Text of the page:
There are simple house intercoms and intercoms developed for blocks of flats. Some are equipped with video, and their wiring can be connected to the outside. The most recent generations of intercom systems are compatible with computers and models include TCP/IP.

Many schools and office buildings now use audio/video intercom systems that can be interfaced with the building’s access control system to identify visitors trying to gain access to a locked building.

1. Door Phones

A door phone in its most basic version is a two-way intercom allowing communication from the street to the house, with the possibility of unlocking and opening the door and allowing access to the interior of the building. They are so widely used that nowadays they form part of the standard electrical installation of most commercial buildings.

In places with more than one dwelling, the push plate on the outside of the building is composed of a number of buttons, usually one per flat. Video door phones feature a video installation as well as audio. In these cases, the intercom plate has the same structure as the previous version but features a video monitor connected to a surveillance camera that allows an inspection of the caller.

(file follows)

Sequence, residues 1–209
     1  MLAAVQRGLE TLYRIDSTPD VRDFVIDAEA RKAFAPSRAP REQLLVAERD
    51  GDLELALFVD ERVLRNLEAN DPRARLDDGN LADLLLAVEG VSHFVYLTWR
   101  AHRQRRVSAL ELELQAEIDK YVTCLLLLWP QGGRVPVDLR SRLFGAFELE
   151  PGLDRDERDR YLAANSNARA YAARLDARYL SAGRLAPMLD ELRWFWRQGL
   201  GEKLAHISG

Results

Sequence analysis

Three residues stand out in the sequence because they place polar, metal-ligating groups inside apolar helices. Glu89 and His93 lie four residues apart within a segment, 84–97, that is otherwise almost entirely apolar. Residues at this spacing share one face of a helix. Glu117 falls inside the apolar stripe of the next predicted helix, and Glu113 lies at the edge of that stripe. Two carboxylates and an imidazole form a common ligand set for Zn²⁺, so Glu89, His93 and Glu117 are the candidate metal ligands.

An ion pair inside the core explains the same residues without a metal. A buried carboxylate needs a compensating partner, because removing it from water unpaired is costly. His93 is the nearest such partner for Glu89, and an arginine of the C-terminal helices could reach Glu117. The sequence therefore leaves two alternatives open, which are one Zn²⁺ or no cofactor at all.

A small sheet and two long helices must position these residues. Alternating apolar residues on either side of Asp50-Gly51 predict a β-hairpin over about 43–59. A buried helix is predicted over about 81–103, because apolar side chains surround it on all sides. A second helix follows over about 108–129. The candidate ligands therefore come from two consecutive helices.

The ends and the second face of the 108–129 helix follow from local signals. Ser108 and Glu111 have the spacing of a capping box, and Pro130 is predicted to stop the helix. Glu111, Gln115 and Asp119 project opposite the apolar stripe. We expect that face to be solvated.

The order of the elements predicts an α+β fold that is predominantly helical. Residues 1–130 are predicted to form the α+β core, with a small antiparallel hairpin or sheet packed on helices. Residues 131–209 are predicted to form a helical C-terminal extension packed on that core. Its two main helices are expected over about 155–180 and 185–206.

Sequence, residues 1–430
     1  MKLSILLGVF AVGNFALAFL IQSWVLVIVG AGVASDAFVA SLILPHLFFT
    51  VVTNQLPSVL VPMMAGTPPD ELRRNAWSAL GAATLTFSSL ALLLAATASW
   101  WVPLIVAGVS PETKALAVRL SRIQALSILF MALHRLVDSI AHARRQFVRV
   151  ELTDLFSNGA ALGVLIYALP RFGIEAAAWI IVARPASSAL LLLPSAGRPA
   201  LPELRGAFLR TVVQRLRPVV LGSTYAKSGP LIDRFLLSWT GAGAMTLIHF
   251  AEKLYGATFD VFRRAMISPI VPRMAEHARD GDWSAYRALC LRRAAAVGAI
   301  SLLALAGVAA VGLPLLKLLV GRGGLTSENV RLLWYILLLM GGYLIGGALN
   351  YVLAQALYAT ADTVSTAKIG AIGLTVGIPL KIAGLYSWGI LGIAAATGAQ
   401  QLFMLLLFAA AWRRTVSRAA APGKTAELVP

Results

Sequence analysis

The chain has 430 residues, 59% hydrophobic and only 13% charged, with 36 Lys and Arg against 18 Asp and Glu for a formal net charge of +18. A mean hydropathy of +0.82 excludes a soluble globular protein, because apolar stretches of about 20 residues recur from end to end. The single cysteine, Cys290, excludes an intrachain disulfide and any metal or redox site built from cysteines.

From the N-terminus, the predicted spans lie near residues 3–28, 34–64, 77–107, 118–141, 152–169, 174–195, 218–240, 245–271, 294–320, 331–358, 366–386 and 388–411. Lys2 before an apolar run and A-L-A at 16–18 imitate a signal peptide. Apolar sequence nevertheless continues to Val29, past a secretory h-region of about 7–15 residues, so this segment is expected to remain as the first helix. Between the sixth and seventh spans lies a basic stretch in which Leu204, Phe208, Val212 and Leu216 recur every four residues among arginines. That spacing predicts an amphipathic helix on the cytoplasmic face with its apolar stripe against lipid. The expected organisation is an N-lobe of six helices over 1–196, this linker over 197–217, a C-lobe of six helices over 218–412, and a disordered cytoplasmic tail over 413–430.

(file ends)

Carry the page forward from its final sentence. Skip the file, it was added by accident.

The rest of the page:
In situations where wires cannot be run, a wireless system is used. There is a broad spectrum of two-way wireless communication devices that include such devices as handheld radios, outdoor wireless callboxes, as well as traditional desktop devices. The range these units will transmit varies widely based on the wireless technology used.

2. IP Intercom Systems

When compared to traditional analogue intercom systems, IP innovation has allowed for the development of an extensive range of intelligent new features. IP intercoms offer a functionality, whereby visitors’ calls can be re-routed to another line should an individual not be present to allow access to the premises. For example, a visitor uses the intercom call button, in order to speak to sales, this rings straight through in order for sales to let the visitor in. If sales don’t answer within an allotted time period, the system can be programmed to ring through to another department. Alternatively, if you wish, you can set the system up to allow the visitor to leave a voicemail on the line.

One of the biggest benefits of IP intercom systems is the scalability options they bring. Whether your IP intercom installation requires just one call point or five hundred call points, you can easily expand and add to the system as and when your needs require. Analogue systems are often constricted to the amount of call stations they can hold on the system, due to extensive cabling. With an IP intercom system your solution is more futureproof.